• Propagation delay is the total amount of time needed
for a change at a gate input to cause a change at the
gate output
• Therefore, we may wish to limit the number of inputs
to a given gate (5 is a typical maximum)

Electrical & Computer Engineering Dr. D. J. Jackson Lecture 14-9

Fan-in problems
• Given the function
– f=X1X2’X3X4’X5X6+ X1X2X3’X4’X5’X6
• The direct solution for this would require 2
six-input AND gates and 1 two-input OR gate
(plus appropriate NOT gates)
• Factoring the function to the following form
– f= X1X4’X6(X2’X3X5+ X2X3’X5’)
• Gives a solution requiring 2 three-input AND
gates, 1 two-input OR gate, and 1 four-input
AND gate

Electrical & Computer Engineering Dr. D. J. Jackson Lecture 14-10

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Fan-in problems
• Factor the following expression so that the
solution requires only 2-input AND and OR
gates
• Hint: The solution will require 4 AND and 2
OR gates (plus NOT gates)

– f(x1,…,x7)=x1x2’x4’x5+x1x2’x6x7’+x3’x4’x5+x3’x6x7’

Electrical & Computer Engineering Dr. D. J. Jackson Lecture 14-11

Impact on wiring complexity


• Space on an integrated circuit is occupied by
– The circuitry that implements logic gates, and
– Wires needed to make connections between gates
• In a logic expression, each literal corresponds to a
wire in the circuit that carries the desired logic signal
• Since factoring reduces the number of literals, it also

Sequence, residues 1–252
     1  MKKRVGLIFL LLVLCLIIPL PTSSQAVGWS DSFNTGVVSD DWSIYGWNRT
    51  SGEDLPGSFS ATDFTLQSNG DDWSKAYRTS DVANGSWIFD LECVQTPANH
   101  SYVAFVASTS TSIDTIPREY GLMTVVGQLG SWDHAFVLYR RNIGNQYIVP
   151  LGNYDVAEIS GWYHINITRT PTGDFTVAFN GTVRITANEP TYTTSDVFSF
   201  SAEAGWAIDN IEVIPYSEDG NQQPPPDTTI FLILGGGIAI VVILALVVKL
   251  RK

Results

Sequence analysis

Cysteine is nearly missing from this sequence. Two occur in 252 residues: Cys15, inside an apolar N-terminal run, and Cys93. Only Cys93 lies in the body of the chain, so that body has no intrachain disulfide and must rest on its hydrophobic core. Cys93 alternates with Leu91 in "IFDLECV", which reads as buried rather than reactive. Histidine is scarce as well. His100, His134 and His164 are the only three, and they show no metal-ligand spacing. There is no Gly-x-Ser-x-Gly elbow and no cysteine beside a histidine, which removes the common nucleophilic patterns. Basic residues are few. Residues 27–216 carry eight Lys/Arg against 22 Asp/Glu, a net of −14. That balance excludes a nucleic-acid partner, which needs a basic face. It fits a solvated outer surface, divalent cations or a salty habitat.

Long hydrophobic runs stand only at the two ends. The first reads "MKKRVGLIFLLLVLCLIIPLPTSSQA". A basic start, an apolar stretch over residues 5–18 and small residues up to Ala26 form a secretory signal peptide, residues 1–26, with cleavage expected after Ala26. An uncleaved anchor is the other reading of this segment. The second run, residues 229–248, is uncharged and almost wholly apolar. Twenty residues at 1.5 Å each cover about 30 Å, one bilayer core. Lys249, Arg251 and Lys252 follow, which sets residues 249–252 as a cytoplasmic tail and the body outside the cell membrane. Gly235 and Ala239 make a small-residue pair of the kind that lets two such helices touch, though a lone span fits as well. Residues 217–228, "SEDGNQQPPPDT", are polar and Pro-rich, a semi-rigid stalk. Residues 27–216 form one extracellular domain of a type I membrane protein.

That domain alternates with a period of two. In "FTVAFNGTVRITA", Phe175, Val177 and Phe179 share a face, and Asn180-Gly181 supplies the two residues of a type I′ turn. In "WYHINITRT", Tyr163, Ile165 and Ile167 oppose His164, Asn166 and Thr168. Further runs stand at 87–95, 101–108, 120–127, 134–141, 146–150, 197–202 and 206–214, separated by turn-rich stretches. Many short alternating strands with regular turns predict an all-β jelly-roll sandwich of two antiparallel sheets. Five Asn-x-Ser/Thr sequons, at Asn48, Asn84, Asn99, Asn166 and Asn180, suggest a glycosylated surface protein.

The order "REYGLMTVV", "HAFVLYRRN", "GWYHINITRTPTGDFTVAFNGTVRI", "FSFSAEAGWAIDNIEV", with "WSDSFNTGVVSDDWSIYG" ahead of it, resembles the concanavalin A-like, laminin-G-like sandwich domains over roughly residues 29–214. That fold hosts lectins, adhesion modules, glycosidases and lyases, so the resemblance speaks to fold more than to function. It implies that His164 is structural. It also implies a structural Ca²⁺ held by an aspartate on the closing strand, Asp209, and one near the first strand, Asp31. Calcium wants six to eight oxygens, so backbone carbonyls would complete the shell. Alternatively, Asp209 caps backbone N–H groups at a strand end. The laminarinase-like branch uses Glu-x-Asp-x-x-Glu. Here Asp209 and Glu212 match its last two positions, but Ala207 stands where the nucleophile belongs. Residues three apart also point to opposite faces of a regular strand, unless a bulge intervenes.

aides in reducing the wiring complexity in a logic
circuit
• During logic synthesis, CAD tools consider
parameters such as: cost of the circuit (number of
gates), fan-in, speed of the resulting logic and wiring
complexity

Electrical & Computer Engineering Dr. D. J. Jackson Lecture 14-12

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Functional decomposition
• Complexity of a logic circuit, in terms of
wiring and logic gates, can often be reduced
by decomposing a two-level circuit into
subcircuits
– One or more subcircuits implement functions that
may be used in several places to construct the
final circuit
• A single two-level logic expression is replaced
by two or more new expressions
– The new expressions are combined to define a
multilevel circuit

Electrical & Computer Engineering Dr. D. J. Jackson Lecture 14-13

Decomposition example
• Consider the following expression
– f(w,x,y,z)=xyw’+x’z+y’z
• In this form, the function requires 1 three-
input AND gate, 2 two-input AND gates, and
1 three-input OR gate
• COST=4 gates + 10 inputs = 13
• COST=19 if NOT gates (and their inputs) are
included
• Rewrite f into the following form
– f(w,x,y,z)=(xy)w’+(x’+y’)z
• Let g(x,y)=xy and note that g’=x’+y’
Electrical & Computer Engineering Dr. D. J. Jackson Lecture 14-14

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Decomposition example
• The function f becomes
– f(g,w,z)=gw’+g’z
• The circuit would be the following with a cost of 16
(including NOT gates and their inputs)

Electrical & Computer Engineering Dr. D. J. Jackson Lecture 14-15

Practical issues
• Functional decomposition is a powerful tool
for reducing the complexity of logic functions
• It can also be used to implement general
logic functions that have built-in constraints
– For example, in PLDs, it is necessary to ‘fit’ a
desired logic circuit into logic blocks that are
available on these devices
– Available logic blocks are a target for the
decomposed subfunctions that are then used to
form larger functions
• CAD tools make extensive use of the concept
of functional decomposition

Electrical & Computer Engineering Dr. D. J. Jackson Lecture 14-16